At a time when states and districts are on the lookout for textbooks and related instructional materials to guide the teaching of the common core, a recent study offers a cautionary tale about the selection of publishers' wares.
First, don't underestimate the importance to student learning of the particular curricular program chosen. Using different curricula, even if they share the same general pedagogical approach, can produce significant differences in learning gains, the study finds. Second, a solid research base is lacking on the effectiveness of competing programs, depriving schools and districts of critical information to help inform their choices. The good news, they suggest, is that this problem would be "relatively inexpensive" to remedy. (Hat tip to the National Council of Teacher Quality blog for bringing this study to our attention.)
The authors, Rachana Bhatt of Georgia State University and Cory Koedel of the University of Missouri, examined the three most popular elementary math programs used in Indiana between 1998 and 2004: Saxon Math, Silver-Burdett Ginn Mathematics, and Scott Foresman-Addison Wesley Math. Indiana was selected, the authors say, because it's one of just two states they could find that collect and make publicly available data on which curricular materials local districts adopt.
Of the three publishers' programs examined, the one identified as being most effective as measured by improvements over time in state test scores, Silver-Burdett Ginn, is no longer offered in Indiana. And the publisher of the curriculum found to be least effective in the study, (Saxon) retained a strong market share in the following adoption cycle.
(Saxon Publishers has sponsored some evaluations of its programs, including a 2005 review of "independent research" conducted by a team from the University of Oklahoma, that identifies the "positive impact" that Saxon Math has had on students' math achievement. Meanwhile, a 2006 study funded by the publisher found that students using Saxon math in grades K-3 made "significant achievement gains" on a standardized test.)
The new study suggests that the issue of the instructional strategy behind different curricular programs may get more attention than is due. "With researchers and policymakers placing so much emphasis on differences between the traditional and reform pedagogies, our findings serve as a reminder that other differences should not be overlooked," the study says.
The researchers voice particular concern that districts and states typically have very little data to draw on when making decisions on a new curriculum.
"[T]he research literature in this area is so thin," they write, suggesting that a series of "independent evaluations from multiple contexts, taken together, could provide valuable information about the effectiveness of various curricular alternatives."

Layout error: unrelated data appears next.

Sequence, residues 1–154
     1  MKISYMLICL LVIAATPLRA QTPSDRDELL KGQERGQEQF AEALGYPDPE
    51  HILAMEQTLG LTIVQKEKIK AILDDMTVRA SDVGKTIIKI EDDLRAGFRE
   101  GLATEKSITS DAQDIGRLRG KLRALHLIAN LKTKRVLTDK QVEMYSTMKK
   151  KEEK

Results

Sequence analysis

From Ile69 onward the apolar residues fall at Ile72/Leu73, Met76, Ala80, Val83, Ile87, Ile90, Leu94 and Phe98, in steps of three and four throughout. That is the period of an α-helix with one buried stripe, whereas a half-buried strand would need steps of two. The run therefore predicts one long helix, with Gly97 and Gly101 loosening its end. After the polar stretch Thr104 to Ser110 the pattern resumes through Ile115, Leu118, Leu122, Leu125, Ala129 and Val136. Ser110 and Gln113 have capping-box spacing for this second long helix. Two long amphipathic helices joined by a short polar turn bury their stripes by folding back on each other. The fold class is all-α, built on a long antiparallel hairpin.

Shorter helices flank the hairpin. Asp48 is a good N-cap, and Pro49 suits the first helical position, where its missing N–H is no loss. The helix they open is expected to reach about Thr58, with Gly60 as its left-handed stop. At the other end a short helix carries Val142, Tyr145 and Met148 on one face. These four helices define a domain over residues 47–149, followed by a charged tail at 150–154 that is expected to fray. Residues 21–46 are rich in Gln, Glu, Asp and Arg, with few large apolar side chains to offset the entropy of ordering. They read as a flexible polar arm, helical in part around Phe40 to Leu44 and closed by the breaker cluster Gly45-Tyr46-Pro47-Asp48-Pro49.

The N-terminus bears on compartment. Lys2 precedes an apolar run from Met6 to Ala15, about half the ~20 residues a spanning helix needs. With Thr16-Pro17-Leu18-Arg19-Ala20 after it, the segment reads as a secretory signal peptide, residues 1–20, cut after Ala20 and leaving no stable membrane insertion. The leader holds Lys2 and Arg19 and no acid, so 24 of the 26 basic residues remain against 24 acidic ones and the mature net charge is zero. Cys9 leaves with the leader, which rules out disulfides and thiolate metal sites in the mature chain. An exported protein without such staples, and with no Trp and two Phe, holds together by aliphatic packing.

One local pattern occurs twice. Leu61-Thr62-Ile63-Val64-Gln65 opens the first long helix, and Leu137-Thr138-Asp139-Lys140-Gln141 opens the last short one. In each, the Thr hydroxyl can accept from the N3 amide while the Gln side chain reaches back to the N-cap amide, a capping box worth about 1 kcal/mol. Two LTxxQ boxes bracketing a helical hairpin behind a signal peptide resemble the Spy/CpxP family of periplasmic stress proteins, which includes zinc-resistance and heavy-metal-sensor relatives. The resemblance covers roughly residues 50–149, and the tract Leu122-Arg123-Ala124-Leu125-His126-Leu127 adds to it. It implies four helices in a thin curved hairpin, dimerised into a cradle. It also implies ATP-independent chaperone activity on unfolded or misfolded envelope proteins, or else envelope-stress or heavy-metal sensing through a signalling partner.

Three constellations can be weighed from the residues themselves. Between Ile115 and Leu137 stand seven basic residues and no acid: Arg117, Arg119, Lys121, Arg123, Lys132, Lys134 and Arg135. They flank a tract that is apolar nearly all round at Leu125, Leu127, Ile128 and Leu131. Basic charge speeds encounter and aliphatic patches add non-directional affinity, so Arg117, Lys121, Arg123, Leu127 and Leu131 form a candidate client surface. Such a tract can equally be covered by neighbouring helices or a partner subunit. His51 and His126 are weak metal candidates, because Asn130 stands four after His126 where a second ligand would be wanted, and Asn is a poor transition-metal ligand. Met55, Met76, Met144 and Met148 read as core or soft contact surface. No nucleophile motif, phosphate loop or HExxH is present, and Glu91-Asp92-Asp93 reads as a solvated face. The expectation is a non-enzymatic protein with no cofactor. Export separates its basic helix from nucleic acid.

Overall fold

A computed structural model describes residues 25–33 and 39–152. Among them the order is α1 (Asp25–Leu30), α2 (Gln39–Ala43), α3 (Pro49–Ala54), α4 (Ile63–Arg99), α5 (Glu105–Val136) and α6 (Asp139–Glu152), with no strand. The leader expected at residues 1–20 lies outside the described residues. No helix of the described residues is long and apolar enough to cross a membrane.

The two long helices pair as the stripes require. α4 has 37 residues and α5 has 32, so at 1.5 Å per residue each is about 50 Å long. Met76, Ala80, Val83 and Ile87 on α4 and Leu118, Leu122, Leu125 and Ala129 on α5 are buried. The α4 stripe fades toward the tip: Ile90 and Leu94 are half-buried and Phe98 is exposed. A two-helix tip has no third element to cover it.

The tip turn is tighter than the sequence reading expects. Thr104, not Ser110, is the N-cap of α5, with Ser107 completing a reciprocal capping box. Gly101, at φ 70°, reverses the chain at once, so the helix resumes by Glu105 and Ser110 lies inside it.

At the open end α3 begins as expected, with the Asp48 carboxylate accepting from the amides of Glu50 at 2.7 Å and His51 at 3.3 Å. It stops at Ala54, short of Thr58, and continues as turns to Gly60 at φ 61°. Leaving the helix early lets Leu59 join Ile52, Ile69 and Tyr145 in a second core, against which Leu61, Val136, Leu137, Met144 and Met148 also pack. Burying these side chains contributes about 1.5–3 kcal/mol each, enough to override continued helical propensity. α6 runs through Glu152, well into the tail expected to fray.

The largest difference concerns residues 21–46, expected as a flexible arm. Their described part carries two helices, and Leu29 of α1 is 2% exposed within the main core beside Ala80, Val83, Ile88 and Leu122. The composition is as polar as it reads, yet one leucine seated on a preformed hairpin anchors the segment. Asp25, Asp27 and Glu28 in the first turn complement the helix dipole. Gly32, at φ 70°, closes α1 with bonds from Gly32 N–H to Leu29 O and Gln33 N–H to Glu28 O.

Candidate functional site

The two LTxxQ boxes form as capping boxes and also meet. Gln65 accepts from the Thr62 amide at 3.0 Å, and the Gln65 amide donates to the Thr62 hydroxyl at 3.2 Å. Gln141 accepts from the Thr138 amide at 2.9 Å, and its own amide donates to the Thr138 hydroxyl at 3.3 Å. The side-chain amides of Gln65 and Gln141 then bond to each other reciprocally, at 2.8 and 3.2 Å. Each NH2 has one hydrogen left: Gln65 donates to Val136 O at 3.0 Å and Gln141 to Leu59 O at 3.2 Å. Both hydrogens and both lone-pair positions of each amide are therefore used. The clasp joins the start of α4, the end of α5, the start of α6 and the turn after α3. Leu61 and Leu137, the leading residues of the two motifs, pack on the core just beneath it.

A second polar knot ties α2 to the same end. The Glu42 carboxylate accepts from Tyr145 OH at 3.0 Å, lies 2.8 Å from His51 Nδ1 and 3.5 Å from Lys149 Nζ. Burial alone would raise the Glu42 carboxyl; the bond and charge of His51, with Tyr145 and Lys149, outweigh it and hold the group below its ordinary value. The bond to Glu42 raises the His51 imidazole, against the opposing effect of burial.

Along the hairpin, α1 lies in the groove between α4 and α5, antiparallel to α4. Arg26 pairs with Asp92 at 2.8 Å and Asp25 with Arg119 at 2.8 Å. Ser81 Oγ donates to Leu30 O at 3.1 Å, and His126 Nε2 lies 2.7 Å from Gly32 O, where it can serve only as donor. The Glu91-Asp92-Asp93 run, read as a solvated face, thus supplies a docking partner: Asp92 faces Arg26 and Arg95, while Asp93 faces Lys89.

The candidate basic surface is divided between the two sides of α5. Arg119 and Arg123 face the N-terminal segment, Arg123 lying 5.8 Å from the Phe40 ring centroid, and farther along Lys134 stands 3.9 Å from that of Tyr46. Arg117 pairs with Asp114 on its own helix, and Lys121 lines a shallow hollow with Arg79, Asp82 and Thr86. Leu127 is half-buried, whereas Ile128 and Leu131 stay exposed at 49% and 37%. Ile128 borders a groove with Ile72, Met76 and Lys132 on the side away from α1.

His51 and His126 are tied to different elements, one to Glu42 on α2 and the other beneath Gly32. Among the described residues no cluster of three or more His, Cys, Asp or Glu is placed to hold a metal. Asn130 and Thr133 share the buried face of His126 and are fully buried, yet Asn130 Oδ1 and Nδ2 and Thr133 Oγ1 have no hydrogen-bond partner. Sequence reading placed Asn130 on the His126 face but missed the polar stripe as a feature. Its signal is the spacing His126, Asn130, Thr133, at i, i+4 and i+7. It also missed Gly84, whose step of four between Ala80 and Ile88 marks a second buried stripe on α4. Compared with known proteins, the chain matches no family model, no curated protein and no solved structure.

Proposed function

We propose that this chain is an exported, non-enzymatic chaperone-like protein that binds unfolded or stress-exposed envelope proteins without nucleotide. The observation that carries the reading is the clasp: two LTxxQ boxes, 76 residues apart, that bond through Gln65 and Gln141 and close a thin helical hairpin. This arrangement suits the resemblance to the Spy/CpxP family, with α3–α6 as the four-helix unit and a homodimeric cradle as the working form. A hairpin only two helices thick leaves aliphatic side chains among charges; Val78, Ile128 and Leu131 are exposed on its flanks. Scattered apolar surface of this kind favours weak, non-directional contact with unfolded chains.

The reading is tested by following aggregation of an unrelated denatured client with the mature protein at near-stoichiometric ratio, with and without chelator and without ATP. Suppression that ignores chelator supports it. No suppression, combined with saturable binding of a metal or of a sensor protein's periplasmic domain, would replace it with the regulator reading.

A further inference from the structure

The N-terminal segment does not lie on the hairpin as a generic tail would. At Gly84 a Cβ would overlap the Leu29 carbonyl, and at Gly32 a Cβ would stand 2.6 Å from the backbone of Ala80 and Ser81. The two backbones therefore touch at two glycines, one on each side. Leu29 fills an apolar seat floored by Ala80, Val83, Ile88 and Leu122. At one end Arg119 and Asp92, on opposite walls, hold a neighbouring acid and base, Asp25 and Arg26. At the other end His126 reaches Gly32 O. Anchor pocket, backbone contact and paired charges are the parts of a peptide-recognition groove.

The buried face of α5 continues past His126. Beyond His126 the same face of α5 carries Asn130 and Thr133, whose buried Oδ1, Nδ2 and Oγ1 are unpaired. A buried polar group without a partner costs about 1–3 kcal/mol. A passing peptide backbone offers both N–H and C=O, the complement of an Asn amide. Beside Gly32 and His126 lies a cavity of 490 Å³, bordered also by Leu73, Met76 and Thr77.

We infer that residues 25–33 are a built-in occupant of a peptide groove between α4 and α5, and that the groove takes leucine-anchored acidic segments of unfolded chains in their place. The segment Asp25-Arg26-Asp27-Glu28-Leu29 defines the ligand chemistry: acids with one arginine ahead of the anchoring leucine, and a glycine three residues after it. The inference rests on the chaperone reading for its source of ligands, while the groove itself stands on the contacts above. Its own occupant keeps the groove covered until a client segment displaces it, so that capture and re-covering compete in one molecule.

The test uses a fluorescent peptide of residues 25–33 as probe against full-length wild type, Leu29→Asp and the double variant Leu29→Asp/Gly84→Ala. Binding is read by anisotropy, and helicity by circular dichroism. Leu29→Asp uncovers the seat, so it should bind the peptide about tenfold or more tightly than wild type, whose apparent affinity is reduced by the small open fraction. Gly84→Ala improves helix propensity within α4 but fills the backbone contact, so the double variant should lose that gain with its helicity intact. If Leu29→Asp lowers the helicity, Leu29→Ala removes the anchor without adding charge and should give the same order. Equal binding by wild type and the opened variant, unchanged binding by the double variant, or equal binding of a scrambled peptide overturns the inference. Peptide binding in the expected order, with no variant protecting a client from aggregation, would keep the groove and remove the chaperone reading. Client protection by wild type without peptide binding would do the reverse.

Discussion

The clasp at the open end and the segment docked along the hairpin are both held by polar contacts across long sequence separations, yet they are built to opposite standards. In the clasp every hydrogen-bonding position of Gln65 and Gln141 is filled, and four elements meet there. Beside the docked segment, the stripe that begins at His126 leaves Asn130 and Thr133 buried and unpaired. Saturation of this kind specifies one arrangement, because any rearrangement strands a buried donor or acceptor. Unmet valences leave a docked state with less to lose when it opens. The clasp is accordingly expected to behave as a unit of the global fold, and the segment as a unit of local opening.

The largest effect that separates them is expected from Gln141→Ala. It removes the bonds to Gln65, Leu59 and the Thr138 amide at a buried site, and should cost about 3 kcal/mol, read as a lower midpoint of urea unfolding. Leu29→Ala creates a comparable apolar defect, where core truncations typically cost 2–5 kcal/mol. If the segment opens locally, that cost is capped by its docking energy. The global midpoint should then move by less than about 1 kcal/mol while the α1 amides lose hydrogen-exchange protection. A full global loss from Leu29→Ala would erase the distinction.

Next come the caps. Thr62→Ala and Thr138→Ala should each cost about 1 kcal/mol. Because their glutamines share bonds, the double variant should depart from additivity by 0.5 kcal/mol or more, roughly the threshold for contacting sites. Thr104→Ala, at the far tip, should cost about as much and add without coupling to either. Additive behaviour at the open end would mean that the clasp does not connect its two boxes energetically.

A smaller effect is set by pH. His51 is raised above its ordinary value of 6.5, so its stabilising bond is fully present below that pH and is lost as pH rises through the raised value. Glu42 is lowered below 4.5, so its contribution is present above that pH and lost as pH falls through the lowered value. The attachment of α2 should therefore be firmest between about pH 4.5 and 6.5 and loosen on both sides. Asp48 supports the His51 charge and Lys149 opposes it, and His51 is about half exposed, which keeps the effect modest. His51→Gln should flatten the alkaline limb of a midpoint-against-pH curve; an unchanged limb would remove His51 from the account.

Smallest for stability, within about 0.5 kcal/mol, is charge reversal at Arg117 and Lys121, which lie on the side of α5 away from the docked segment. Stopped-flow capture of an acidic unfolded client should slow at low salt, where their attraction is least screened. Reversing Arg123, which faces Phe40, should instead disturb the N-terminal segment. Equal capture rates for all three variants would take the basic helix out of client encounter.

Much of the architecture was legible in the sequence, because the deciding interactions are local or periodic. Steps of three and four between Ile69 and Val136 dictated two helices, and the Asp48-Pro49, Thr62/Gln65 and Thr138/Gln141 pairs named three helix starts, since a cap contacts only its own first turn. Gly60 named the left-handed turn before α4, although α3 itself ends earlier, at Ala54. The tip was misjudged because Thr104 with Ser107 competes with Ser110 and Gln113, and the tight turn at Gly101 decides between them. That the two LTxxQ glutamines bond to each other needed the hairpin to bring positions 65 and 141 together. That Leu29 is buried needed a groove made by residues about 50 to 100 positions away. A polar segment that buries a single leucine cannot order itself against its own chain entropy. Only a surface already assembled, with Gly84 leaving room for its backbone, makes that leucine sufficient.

A key problem, the study says, is that most state education agencies simply do not provide information about which curricular programs are being used in schools and districts. In fact, many don't collect this information at all.
"Such data would be cheap and easy to collect, particularly compared to other data elements in many state longitudinal systems, and could be used to learn much about this important educational resource," the study says.
Indeed, the study signals that the data would also help educators make more nuanced choices about finding the right materials for the right situation.
Concern about a lack of research on existing curricular materials was also raised in a recent report from the Brookings Institution. In fact, that report also included a call for all states to start collecting data on the textbooks in use.
"Not only is little information available on the effectiveness of most instructional materials, there is also very little systematic information on which materials are being used in which schools," the Brookings report says. "This scandalous lack of information will only become more troubling" as districts begin to implement the Common Core State Standards, as well as efforts to improve teacher effectiveness.
These issues call to mind a book I blogged about earlier this year, The Tyranny of the Textbook. Written by Beverlee Jobrack, a veteran educational publisher, the book makes the case that curriculum is often a neglected ingredient in efforts to improve education. So in that regard, there may well be common ground with the folks at Brookings and the authors of the new study. That said, Jobrack's analysis would seem to suggest that a better research base may not drive better decisions.
She describes a textbook development and selection system that is "perpetuating mediocrity." And she says there's plenty of blame to go around, including a "radically consolidated" publishing industry "driven by sales and marketing teams"; school and district committees for selecting curriculum filled with teachers and others who typically lack the appropriate time, expertise, and motivation to make wise choices; and state textbook adoptions focused on adherence to standards with little or no attention to whether the materials reflect a coherent and well-designed instructional approach.
In other words, if a robust research base existed, would it be put to good use?